Processor 140 includes state machine 142 and register 144. State machine 142 is coupled within processor 140 to receive power fault indications on power faults 132. When a power fault indication is received, state machine 142 may respond in many different ways. For example, if a power fault signifies a problem with one or more of power supplies 134, state machine 142 may cause processor 140 to enter a reduced power state, and to stop utilizing one or more of power supplies 134 for power. Further, state machine 142 may utilize information in register 144 when determining what actions to take when a power fault indication is received. In some embodiments, register 144 includes one or more control bits for each of the possible power fault indications that can be received on power faults 132. In some of these embodiments, state machine 142 may take a different action based on the identity of the power fault indication, as well as the one or more control bits in register 144 that correspond to the received power fault indication. For example, in response to receiving a power fault indication, state machine 142 may cause processor 140 to take a particular action such as causing processor 140 to enter a reduced power state without allowing software intervention. In some embodiments, this corresponds to state machine 142 performing a hardware controlled change of state, without allowing software running on processor 140 to intervene, and without allowing processor 140 to otherwise save state information describing the current state of processor 140. In other embodiments, state machine 142 may initiate a change of state of processor 140, such as entering a reduced power state, while at the same time allowing for software intervention. In the various embodiments of the present invention, software intervention may save a portion or all of the pertinent state information within processor 140 prior to entering a reduced power state. State machine 142, and the various embodiments thereof, is described in more detail below with reference to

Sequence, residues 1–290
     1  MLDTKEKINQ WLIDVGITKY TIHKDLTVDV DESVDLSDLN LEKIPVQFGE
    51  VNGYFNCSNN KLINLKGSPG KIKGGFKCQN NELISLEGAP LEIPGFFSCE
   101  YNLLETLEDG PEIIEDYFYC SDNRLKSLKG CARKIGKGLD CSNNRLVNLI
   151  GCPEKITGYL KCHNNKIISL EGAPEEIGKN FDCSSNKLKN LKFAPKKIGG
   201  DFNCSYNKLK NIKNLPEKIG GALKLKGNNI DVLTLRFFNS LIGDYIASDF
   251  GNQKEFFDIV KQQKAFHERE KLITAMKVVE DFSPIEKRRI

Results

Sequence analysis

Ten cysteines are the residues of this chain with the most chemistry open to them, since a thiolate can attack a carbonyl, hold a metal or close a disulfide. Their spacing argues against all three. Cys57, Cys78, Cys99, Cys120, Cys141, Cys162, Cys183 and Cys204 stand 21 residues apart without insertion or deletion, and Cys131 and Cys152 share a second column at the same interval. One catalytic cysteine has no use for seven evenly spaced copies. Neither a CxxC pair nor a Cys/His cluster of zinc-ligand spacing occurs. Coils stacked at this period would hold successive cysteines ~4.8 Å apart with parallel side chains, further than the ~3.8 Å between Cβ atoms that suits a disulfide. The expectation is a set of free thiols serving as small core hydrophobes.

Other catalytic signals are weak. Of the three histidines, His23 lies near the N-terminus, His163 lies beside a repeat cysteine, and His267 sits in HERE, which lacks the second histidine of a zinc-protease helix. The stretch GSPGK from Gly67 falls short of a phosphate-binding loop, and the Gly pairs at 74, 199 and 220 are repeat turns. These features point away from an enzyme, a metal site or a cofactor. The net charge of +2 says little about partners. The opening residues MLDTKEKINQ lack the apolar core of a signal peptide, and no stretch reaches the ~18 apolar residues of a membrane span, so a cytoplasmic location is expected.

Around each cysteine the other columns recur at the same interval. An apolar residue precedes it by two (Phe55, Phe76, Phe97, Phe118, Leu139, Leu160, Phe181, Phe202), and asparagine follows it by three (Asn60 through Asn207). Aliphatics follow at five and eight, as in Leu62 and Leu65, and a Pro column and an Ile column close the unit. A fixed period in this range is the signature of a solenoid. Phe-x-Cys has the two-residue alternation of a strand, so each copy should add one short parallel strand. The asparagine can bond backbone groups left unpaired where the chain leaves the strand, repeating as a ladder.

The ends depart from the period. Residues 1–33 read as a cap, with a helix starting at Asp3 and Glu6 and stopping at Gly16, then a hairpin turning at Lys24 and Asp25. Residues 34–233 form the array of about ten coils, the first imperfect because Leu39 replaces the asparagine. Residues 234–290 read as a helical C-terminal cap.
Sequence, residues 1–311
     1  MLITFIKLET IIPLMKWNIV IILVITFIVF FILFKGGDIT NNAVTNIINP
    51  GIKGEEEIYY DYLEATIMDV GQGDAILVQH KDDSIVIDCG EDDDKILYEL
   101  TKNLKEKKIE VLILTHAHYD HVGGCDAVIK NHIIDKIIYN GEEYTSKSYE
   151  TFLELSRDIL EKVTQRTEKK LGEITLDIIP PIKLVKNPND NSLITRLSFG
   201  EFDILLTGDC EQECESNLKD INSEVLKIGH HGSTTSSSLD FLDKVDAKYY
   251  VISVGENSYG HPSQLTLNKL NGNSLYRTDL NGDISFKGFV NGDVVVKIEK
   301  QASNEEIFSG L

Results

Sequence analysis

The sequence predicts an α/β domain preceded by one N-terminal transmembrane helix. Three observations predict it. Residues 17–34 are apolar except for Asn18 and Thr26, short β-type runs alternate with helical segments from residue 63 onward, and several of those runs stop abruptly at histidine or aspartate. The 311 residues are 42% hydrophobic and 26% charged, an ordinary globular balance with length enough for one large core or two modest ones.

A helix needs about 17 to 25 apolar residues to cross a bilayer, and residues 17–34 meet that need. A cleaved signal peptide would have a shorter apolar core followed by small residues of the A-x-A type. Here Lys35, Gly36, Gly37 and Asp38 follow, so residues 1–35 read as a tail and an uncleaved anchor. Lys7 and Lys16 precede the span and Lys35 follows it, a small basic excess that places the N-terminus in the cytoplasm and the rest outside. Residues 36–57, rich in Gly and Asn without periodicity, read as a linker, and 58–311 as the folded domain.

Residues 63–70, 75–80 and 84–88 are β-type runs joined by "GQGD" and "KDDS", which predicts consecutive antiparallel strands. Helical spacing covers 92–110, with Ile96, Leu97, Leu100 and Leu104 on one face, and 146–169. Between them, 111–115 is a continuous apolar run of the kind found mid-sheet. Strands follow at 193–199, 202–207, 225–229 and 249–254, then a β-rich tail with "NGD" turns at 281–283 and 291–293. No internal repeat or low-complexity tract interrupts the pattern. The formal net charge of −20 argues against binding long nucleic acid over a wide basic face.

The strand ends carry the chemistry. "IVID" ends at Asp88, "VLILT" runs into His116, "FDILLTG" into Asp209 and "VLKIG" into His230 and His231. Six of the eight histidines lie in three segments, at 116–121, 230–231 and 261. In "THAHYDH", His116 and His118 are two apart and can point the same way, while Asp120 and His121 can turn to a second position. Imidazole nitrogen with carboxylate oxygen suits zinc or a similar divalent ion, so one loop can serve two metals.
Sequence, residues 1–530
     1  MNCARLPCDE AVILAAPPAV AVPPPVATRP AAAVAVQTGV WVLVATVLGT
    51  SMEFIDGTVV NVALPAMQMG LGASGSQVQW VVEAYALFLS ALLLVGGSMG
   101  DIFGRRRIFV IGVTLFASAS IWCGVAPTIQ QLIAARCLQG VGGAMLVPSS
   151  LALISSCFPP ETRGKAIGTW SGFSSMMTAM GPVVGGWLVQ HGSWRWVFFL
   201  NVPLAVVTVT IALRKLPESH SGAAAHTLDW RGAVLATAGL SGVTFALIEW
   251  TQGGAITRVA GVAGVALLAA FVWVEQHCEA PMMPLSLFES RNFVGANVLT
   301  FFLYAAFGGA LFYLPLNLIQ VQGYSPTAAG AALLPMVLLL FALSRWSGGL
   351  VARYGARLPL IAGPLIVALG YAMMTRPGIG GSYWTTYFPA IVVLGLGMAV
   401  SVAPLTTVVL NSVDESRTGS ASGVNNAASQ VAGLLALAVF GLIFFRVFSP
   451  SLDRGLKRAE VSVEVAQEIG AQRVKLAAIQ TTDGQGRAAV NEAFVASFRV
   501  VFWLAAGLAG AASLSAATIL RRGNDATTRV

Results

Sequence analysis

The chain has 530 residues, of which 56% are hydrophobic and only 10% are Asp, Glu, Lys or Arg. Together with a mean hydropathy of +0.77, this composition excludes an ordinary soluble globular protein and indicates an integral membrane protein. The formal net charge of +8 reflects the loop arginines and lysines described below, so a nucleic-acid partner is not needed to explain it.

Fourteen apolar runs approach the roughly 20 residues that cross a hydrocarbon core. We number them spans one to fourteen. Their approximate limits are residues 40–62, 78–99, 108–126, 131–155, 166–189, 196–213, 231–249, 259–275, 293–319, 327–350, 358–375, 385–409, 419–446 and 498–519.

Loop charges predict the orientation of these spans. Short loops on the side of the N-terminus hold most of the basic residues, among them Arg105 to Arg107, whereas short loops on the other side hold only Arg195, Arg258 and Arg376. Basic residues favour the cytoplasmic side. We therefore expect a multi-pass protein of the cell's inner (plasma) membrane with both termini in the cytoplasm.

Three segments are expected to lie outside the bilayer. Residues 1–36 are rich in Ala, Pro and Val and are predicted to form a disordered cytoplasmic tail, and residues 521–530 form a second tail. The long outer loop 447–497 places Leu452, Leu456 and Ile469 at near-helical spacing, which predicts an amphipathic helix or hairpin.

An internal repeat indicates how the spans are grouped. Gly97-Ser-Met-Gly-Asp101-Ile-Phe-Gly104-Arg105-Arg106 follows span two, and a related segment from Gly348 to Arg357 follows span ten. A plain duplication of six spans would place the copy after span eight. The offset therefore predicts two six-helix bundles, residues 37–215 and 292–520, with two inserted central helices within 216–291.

Processor 140 is shown in
Memory 150 represents an article that includes a machine readable medium. For example, memory 150 represents any one or more of the following: a hard disk, a floppy disk, random access memory (RAM), read only memory (ROM), FLASH memory, CDROM, or any other type of article that includes a medium readable by processor 140. Memory 150 can store instructions for performing the execution of the various method embodiments of the present invention.